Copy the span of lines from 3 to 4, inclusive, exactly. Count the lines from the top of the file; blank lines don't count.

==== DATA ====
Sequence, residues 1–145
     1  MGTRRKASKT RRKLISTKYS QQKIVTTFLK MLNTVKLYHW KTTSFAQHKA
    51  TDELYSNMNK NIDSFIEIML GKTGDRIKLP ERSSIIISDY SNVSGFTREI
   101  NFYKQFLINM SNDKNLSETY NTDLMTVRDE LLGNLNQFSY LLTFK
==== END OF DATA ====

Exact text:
    51  TDELYSNMNK NIDSFIEIML GKTGDRIKLP ERSSIIISDY SNVSGFTREI
   101  NFYKQFLINM SNDKNLSETY NTDLMTVRDE LLGNLNQFSY LLTFK